Linked by Thom Holwerda on Mon 25th Jun 2012 09:50 UTC
Microsoft I'm very thankful for Danny Sullivan writing this article, because it touches upon a subject I've increasingly been frustrated with: the inflation of the term 'hands-on'. Hands-on used to mean that a journalist, blogger, or reviewer got to properly use a device to get some sort of first impression, usually guided by some words from the manufacturer. These days, however, it seems as if even merely getting a glance at a device is regarded as a 'hands-on'.
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Modern journalism is hands-off
by kwan_e on Mon 25th Jun 2012 15:35 UTC
kwan_e
Member since:
2007-02-18

Modern journalism is about repeating press releases and reporting on what spokesmen have to say.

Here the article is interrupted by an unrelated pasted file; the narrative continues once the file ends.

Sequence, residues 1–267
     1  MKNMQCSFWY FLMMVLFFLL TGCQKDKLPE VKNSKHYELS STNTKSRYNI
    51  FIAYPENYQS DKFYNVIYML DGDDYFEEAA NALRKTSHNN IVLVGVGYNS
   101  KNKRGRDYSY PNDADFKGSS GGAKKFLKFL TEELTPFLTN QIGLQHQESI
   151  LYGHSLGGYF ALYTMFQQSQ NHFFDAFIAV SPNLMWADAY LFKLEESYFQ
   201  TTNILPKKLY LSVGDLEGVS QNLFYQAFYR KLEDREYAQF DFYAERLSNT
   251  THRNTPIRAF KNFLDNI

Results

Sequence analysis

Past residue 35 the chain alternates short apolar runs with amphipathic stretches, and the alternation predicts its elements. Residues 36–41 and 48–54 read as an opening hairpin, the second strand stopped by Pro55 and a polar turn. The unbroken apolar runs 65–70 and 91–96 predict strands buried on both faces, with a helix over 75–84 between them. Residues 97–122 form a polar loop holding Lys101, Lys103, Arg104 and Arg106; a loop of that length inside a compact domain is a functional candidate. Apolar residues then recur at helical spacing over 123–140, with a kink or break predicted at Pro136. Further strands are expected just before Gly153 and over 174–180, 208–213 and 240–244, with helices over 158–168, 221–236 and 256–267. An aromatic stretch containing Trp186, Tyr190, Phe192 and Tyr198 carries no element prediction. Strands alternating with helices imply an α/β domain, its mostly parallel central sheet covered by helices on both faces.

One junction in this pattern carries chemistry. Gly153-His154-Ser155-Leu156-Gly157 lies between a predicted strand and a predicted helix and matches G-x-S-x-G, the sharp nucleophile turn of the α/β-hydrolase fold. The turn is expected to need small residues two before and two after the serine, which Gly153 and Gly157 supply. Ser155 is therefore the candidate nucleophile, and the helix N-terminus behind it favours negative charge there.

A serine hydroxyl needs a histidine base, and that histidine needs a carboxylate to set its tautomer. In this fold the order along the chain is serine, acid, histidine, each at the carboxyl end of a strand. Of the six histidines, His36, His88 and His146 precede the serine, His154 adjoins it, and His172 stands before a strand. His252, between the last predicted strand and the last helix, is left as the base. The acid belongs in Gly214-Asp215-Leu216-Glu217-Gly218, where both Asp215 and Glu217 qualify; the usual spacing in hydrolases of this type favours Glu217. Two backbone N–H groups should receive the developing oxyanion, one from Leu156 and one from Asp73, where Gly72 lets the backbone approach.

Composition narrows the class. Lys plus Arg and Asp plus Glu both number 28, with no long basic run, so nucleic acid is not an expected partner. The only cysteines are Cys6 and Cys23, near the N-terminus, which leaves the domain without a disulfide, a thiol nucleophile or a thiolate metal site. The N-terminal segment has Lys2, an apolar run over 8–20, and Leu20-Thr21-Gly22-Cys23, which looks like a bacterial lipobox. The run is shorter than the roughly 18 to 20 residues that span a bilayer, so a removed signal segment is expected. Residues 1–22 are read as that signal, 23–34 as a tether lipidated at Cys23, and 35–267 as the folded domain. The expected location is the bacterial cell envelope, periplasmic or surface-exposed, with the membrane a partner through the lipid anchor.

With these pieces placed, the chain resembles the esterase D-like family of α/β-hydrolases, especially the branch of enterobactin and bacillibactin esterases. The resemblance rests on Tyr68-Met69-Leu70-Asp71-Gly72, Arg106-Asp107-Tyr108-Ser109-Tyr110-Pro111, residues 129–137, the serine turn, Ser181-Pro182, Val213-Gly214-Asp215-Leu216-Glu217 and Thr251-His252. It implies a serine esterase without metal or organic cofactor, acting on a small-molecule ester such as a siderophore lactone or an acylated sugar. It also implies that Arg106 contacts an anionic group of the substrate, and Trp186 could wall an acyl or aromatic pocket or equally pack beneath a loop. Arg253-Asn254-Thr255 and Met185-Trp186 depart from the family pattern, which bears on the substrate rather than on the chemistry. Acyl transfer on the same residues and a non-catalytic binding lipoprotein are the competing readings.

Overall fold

Reply Score: 3

WorknMan Member since:
2005-11-13

Modern journalism is about repeating press releases and reporting on what spokesmen have to say.


Yeah, and reporting on whatever the tech rumor of the day is, without actually doing a bit of work to confirm any of it. As a result, calling any of these people 'journalists' is an insult to real journalists everywhere. It's like calling anyone who installs a USB printer on their PC a techie ;)

Reply Parent Score: 2

zima Member since:
2005-07-06

Modern journalism is about repeating press releases and reporting on what spokesmen have to say.

That's really nothing new.

Don't imply the old ways were necessarily better - easy to fall into outright "old times were better" myths that way. We have archives of old newspapers, they were often RIDICULOUS (seriously, do a daily habit of looking through some your regional respectable and/or widely circulated newspaper edition from exactly 100 years prior)

It was often worse, there was just not much comparison, not much access to independent media - of course it seemed reliable without much dissenting information or voices.

Edited 2012-07-03 00:06 UTC

Reply Parent Score: 2